Invest $6 million in capital bridge maintenance across the City, including on the McArdle Bridge, Walworth Street, Meridian Street, and Glenwood Avenue Bridges.
Fund the reconstruction of the Dalton Street Bridge, beginning in FY20.
Design and replace the Dana Avenue Bridge in Hyde Park.
Complete design and begin construction on the new Long Island Bridge.
Continue design on the Northern Avenue Bridge project.
Continue construction on the North Washington Street Bridge.
For roadway safety, the City will dedicate additional funding to the Vision Zero project as the City aims to construct 15 Neighborhood Slow Streets, complete 15 miles of better bike corridors and fix 15 of the most challenging intersections in the next three years. The City will also continue to increase the investment in a citywide, multi-year campaign to bring all painted crosswalks, lane markings, bike and bus lanes into a state of good repair. Well-marked roads with appropriate insignia help to reduce collisions and make roads safer for all residents.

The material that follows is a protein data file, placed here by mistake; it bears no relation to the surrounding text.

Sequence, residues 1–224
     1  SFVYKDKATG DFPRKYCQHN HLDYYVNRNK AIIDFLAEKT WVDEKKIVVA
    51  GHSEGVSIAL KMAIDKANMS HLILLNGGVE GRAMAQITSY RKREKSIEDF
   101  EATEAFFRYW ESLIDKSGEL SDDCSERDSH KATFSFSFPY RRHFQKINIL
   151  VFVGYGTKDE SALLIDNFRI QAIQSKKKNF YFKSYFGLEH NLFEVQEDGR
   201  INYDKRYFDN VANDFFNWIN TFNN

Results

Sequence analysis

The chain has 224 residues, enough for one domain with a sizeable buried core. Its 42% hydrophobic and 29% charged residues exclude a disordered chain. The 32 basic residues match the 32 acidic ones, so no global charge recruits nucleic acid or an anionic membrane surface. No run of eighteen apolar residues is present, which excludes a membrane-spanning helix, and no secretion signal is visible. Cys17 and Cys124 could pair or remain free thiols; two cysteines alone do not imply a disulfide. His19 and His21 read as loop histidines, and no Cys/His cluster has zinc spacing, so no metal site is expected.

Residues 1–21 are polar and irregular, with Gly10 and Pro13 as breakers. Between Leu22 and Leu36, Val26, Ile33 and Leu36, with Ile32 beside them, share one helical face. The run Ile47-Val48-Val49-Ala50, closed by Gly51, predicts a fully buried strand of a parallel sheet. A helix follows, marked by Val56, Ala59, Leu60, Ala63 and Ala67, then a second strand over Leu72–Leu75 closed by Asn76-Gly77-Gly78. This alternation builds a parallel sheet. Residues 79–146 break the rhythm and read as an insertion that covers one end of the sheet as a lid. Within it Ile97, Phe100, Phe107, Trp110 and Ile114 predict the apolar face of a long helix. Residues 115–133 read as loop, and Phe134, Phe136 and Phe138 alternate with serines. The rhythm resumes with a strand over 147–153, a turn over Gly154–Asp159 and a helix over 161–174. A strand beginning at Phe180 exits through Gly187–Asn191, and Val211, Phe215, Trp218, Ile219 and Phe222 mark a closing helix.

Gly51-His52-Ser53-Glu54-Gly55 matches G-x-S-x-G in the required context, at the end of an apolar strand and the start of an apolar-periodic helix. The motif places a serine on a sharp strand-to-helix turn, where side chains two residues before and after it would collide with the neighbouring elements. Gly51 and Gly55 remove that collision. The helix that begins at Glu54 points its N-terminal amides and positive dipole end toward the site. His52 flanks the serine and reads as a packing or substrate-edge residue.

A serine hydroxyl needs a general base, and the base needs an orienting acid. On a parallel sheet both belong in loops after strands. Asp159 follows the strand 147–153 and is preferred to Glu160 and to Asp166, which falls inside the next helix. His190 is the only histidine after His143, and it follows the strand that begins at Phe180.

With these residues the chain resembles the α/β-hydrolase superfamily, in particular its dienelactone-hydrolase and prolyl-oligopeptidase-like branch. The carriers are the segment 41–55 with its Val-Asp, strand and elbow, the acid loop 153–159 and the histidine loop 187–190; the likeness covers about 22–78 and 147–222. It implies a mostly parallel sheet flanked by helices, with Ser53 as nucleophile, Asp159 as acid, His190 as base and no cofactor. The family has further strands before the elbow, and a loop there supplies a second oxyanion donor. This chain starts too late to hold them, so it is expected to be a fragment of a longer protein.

In his speech last month to the Boston Municipal Bureau, Mayor Walsh announced new initiatives and investments being made in Boston’s transportation infrastructure that will help increase safety for all users of the road, ease congestion and provide more viable transportation options for residents, including reducing Boston’s speed limit to 20 miles per hour, piloting ride-sharing pick-up/drop-off points, piloting new bus lanes, and providing MBTA passes to all students grades 7-12.
These continued investments and initiatives all align with the City’s commitment to Go Boston 2030, the City of Boston’s comprehensive transportation plan to build a safe, equitable and reliable multi-modal transportation network for all users of Boston’s streets. To date, action has been taken on more than half of the 58 projects and policies identified in the plan. The investments will further complement Go Boston 2030 efforts that have been achieved to date.